Posted by Heather Lavigne on November 28, 2016
Anyone who has spent a fair amount of time around schools knows that a principal’s work is never done. But how many hours do they actually spend each week on the job? And what exactly do they do with this time?
The REL Northeast & Islands Governing Board asked a team of REL researchers, including myself, to examine these questions, and others related to the types of professional development in which principals participate. To answer the board’s questions, our research team analyzed data from the 2011/12 Schools and Staffing Survey administered by the National Center for Education Statistics. We looked at how much time principals reported they spent on job-related tasks and on professional development by school grade level, school poverty level, and within school poverty level by school adequate yearly progress status.
The result is “Principals’ Time, Tasks, and Professional Development: An analysis of Schools and Staffing Survey Data,” a recently published study from the Institute of Education Sciences that finds that school principals, on average, work nearly 60 hours a week, or 1.5 times the standard, full-time workload. Across the five types of job-related tasks included in the survey, principals said they spent most of their time (31%) on internal administrative tasks, followed by curriculum- and teaching-related tasks (27%), student interactions (23%), parent interactions (13%), and other tasks (7%). “Internal administrative tasks” include work on such things as personnel issues, regulations, reports, and school budgets, while “curriculum- and teaching-related tasks” refer to teaching, lesson preparation, classroom observations, and mentoring teachers.”
Principals spend more than half their time on internal administrative tasks and curriculum- and teaching-related tasks
Additional findings include the following:
Since the study’s release in October, it has attracted a national audience. Education Week has published an article about the findings as well as a related series of videos looking at how principals spend their time.
While our report is a snapshot in time, we believe it offers a useful documentation of how hard principals work and their wide range of responsibilities, which has only increased in our current era of accountability. Governing Board members have told us the findings can contribute to future conversations about how to build strong school leadership.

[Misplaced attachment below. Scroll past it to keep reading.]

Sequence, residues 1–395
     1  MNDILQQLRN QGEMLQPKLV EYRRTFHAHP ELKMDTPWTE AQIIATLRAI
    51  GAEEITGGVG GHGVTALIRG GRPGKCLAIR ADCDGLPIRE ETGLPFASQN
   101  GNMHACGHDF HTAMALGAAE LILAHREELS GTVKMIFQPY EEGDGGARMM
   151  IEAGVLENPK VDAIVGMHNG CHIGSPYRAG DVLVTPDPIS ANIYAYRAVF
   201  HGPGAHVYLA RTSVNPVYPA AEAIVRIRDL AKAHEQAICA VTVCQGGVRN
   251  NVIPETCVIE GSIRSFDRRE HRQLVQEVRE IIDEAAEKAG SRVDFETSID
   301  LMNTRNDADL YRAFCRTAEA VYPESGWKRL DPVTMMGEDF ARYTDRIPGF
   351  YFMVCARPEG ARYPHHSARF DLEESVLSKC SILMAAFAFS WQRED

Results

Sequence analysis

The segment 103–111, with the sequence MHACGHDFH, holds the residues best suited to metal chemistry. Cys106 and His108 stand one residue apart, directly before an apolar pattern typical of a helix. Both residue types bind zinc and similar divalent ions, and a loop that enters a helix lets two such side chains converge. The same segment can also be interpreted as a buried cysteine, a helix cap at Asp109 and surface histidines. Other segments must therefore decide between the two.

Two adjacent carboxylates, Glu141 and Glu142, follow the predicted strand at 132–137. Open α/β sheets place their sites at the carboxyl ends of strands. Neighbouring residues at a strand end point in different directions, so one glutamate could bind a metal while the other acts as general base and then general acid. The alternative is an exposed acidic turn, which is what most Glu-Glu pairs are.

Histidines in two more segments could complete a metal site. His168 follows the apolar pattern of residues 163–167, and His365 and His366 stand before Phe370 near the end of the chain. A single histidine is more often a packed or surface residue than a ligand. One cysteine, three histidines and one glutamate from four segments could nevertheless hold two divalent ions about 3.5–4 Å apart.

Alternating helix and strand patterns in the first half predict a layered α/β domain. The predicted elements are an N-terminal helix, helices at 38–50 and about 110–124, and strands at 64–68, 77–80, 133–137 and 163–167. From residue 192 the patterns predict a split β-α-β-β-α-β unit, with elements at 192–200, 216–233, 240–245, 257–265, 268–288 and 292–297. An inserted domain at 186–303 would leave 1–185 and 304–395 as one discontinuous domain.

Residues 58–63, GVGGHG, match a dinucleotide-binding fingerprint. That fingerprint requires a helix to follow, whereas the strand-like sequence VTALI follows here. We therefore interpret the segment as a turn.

Former Governing Board member Gary MacDonald, a retired superintendent of Maine School Administrative District (MSAD) 72 in Fryeburg, Maine, and a member of the study’s advisory committee, explained: “Personally, the study’s findings confirmed my general perspective that the principal’s role is complex and demanding. The finding that principals, on average, spend 59 hours a week on the job was not surprising. How they spend their time was discouraging, but not surprising.”
MacDonald went on to say, “There are obviously many components to a principal’s role: many are the administrative tasks that must be done for the orderly running of the school and that are most visible to the observer if they are not accomplished. Unfortunately, the important instructional leadership components are often not as visible, but are ultimately the key to student achievement.”
The REL research team believes this study is a jumping-off point for states and districts to better understand the workloads of principals. REL Northeast & Islands has created a number of resources to facilitate discussions about research findings and data use. One such resource is our Discussion Tree Tool Template. This tool helps education leaders better understand how the results from one study might apply to their local context. School and district leaders can use the tool to facilitate a conversation in which they articulate what can be learned from the study, identify action steps to further understand the local context with additional data, or decide how available data can inform decisions at the local level. By better understanding the task demands and professional needs of principals, state and district leaders can identify the additional supports that can best support principals’ leadership capacities.